DaisyFresh has been commissioned by The Mercury Hibberdene Children’s Holiday Home to build a hydroponics produce-growing unit at minimal cost. The aim of the project is to reduce the costs of providing fresh fruit and veggies to the children who visit the home; at the same time, giving them a keen source of interest which may well assist their career choices later on. Read on to find out more about this hydroponics project…
DaisyFresh rises to the challenge
The Mercury Hibberdene Children’s Holiday Home is a seaside holiday home for underprivileged children on the KwaZulu-Natal South Coast which offers 1500 such children every year the opportunity to enjoy a beach holiday. The Home has a unique set of challenges, however – how to feed hundreds of children at a time a balanced, nutritious meal, whilst still keeping the menu interesting and costs down to a minimum. They approached DaisyFresh with the idea of growing their own produce in-house, and DaisyFresh has risen to the challenge! The main issues – Hibberdene’s hot and humid climate, particularly in the summer months, and the tight budget.
Keeping plants cool
Hydroponics is often mistakenly regarded as an expensive way of growing produce, mostly due to preconceptions around the cost of building a hydroponic structure. The sort of hydroponics system constructed by many people is modelled on that designed for use in cold climates – a steel and plastic-covered construction – and the costs of building such a structure is influenced by today’s high price of steel and plastic. Such systems are not necessary in South Africa’s temperate climate, where there’s a greater need for cooling rather than heating (previously, we’ve discussed why housing plants in a plastic-covered tunnel is not a good idea in our country). The need for cooling is even more acute in the subtropical coastal areas of KwaZulu-Natal, where the Mercury Hibberdene Children’s Home is situated.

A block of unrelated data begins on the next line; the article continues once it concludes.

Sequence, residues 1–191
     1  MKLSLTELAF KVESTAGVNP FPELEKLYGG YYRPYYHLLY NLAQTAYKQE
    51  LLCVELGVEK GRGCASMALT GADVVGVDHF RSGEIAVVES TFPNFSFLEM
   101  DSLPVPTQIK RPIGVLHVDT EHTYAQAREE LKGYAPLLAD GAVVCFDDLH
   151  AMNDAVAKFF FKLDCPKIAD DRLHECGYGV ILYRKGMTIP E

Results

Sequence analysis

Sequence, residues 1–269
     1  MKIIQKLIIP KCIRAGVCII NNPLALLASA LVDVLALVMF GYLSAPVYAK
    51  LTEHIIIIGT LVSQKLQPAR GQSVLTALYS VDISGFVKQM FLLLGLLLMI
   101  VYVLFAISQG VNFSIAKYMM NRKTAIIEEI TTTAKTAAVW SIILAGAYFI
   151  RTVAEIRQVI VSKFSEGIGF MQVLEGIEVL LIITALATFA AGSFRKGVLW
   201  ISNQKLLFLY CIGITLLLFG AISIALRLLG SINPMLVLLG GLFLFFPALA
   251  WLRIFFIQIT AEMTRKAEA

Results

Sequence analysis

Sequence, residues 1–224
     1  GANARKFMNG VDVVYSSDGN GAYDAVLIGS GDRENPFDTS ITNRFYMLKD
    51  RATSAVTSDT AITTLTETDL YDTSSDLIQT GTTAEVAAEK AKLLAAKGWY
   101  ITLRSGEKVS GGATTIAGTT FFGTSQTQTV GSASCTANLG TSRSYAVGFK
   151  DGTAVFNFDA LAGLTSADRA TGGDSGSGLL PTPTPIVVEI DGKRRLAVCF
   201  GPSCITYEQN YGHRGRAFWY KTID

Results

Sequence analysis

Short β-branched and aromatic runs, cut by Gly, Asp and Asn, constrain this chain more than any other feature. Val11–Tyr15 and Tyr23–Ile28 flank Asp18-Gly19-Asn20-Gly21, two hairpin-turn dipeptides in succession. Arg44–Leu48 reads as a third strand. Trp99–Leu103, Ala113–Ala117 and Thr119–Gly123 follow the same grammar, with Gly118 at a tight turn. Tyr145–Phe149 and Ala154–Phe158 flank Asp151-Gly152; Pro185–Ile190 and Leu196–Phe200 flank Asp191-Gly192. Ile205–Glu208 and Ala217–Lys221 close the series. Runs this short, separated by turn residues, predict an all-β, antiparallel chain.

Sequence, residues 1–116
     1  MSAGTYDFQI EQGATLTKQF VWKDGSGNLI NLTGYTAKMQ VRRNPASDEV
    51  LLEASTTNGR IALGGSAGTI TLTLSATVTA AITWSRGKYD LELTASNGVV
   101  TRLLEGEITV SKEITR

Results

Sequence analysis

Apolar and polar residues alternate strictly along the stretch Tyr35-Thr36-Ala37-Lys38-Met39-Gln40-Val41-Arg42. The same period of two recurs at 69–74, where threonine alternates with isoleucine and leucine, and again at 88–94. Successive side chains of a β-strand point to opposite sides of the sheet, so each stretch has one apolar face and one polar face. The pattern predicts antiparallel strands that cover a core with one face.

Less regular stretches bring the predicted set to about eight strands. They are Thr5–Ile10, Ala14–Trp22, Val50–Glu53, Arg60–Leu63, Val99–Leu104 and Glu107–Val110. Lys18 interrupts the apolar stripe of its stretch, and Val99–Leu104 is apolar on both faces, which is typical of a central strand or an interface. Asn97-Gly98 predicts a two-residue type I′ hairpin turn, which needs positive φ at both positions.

The temperature inside a plastic-covered tunnel without any form of assisted cooling in South Africa can rise as high as 55°C on a sunny day. Considering that any form of cooling merely drops the temperature back down to ambient levels is proof positive of the considerable waste of resources this fruitless exercise constitutes.
Why waste money on expensive steel and plastic, when gum poles combined with shade cloth make a very cost-effective and practical alternative? A simple gum poles and shade cloth structure has, in fact, been the proven method of choice of South African seedling growers and nurseries for decades. For the Home, DaisyFresh suggested a 240m² hydroponic greenhouse constructed from treated gum poles combined with a 60% shade cloth cover, together with weld mesh as a monkey deterrent. In addition to this low-tech, cost-effective solution, we orientated the greenhouse North-East to South West – this way, the prevailing South Westerly wind can blow right through the tunnel from end to end, and the sun rising in the east and setting in the west will ensure even growth of all the produce.
Growing veggies in a greenhouse
The last challenge – how to grow different types of vegetables in one greenhouse, bearing in mind that different veggies require different strengths of water-soluble nutrients.
The answer lies in utilising two different recirculating hydroponic systems in parallel with each other, and grouping the vegetables together into two groups, each having its own EC (electrical conductivity) level. Two nutrient tanks are used with two independent drainage systems. In addition, two parallel hydroponic growing systems are used – for example, peppers and cucumbers are grown in bags, beetroot, cabbages and egg plants in sand beds, and tomatoes in our Verti-Gro® system. Irrespective of the system used, the pH of the nutrient water is kept at a constant 5.5-6.0.
Saving money with hydroponics
The cost of the entire system, complete with monkey-proof weldmesh, is half that of a conventional steel and plastic tunnel. Now, the Mercury Hibberdene Children’s Holiday home has the means, not only to save money, but to provide its happy visitors with fresh fruit and veg, year round. An added bonus – the endless source of interest it provides for the children, where they can be shown how to grow their own produce without soil!
For more details on this innovative approach to hydroponics contact DaisyFresh.